This past week, the leaders of the U.S. intelligence community said that they were not sure that Iran was even trying to build a nuclear weapon.
Why does this matter? Much of the mounting chatter about Iran takes absolutely for granted that its leaders have a bomb-building program under way. Thus the only questions worth asking are:
- How close are they?
- How dangerous would they be?
- What would it take to stop them?
- How much time does anyone else have to fend them off, before it's too late?
But here is what happened last week.
1) At a hearing of the Senate Select Committee on Intelligence last Tuesday, Olympia Snowe of Maine had this exchange with James Clapper, the Director of National Intelligence -- who was appearing with David Petraeus of the CIA. Emphasis added:
Senator Snowe: I gather we agree with the fact that Iran has not made the decision to weaponize at this point. Director Clapper, do you agree on that?I heard this exchange while I was driving around yesterday (on C-SPAN radio -- yes, now you know my darkest secret). You can see a video of the whole hearing at C-Span's site, and a reference to the exchange on the CFR site.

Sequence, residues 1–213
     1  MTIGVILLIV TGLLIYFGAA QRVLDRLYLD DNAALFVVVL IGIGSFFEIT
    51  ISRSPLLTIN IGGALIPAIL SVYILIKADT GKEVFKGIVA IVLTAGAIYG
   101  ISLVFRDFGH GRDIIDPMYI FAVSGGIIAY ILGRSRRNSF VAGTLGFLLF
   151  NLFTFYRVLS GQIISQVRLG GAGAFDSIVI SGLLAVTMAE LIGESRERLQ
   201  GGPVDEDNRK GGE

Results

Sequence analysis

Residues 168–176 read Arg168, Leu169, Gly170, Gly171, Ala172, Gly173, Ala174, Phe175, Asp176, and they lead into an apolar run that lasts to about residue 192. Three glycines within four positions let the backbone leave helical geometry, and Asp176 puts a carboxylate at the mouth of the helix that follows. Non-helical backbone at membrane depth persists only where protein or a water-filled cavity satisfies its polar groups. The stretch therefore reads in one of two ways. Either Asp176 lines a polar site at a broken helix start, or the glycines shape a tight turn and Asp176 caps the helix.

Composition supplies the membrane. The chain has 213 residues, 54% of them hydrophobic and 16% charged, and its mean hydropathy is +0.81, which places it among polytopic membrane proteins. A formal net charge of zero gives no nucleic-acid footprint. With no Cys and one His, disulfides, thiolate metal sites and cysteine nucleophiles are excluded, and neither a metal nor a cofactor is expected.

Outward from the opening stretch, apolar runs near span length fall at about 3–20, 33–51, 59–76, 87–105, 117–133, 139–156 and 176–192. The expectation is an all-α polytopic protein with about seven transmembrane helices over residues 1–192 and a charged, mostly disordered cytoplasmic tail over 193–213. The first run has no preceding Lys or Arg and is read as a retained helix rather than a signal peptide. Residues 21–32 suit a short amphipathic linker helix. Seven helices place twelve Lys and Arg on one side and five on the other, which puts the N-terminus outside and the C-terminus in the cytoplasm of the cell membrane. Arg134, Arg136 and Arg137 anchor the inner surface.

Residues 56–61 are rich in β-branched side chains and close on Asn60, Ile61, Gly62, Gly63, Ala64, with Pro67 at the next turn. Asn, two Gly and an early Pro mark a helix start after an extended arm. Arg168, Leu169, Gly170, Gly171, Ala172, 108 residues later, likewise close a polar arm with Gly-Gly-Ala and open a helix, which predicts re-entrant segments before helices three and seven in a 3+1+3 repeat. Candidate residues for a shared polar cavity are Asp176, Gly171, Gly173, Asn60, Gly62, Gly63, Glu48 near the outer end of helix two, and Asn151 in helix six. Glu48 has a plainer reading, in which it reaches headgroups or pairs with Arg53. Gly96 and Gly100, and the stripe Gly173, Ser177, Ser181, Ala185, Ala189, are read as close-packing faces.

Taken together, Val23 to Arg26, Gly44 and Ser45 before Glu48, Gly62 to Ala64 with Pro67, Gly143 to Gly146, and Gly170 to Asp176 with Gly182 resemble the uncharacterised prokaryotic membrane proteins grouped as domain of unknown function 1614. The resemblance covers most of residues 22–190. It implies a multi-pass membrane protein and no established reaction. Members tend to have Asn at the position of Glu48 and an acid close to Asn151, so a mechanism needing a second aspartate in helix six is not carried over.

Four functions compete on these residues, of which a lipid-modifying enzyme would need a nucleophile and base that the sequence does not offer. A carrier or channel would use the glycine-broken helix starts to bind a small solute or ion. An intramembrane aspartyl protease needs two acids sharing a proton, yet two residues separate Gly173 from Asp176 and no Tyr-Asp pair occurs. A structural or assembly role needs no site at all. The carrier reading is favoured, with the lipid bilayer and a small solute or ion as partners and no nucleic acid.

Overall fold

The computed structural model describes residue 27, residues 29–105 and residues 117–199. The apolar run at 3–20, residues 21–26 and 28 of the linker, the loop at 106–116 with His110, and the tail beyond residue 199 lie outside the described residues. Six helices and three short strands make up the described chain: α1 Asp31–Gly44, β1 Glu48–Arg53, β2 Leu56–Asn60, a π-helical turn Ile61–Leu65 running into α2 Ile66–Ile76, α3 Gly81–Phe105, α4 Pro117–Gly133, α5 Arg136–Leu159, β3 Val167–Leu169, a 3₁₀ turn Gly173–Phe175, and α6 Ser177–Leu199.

General Clapper: Yes, but they are certainly moving on that path, but we don't believe they've actually made the decision to go ahead with a nuclear weapon.
2) Before that hearing, Clapper released his "Worldwide Threat Assessment," available online in PDF. The relevant Iran portions say:
We assess Iran is keeping open the option to develop nuclear weapons, in part by developing various nuclear capabilities that better position it to produce such weapons, should it choose to do so. We do not know, however, if Iran will eventually decide to build nuclear weapons....Obviously this doesn't resolve the whole issue. US intelligence has been wrong on such matters before, to put it mildly. (Although warnings that Iran is close to having the bomb are decades old.) Just now Jeffrey Goldberg, who emphasizes that he is the anti-bombing camp, posts a reminder of the reasons to be wary of Iran.
We judge Iran's nuclear decision making is guided by a cost-benefit approach, which offers the international community opportunities to influence Tehran. Iranian leaders undoubtedly consider Iran's security, prestige, and influence, as well as the international political and security environment, when making decisions about its nuclear program.
Still: the next dozen times you hear about how to cope with Iran's "headlong" or "inevitable" or "destabilizing" progress toward building a bomb, reflect for a minute that in the judgment of the U.S. intelligence community, we are not sure that they even trying. And reflect on the factors the Iranian leadership may be weighing as it makes this choice.
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